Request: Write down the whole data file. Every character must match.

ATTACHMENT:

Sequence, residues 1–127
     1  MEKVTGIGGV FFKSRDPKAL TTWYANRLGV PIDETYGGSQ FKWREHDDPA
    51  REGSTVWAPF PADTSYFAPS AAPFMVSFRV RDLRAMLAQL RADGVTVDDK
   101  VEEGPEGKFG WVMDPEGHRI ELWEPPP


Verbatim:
Sequence, residues 1–127
     1  MEKVTGIGGV FFKSRDPKAL TTWYANRLGV PIDETYGGSQ FKWREHDDPA
    51  REGSTVWAPF PADTSYFAPS AAPFMVSFRV RDLRAMLAQL RADGVTVDDK
   101  VEEGPEGKFG WVMDPEGHRI ELWEPPP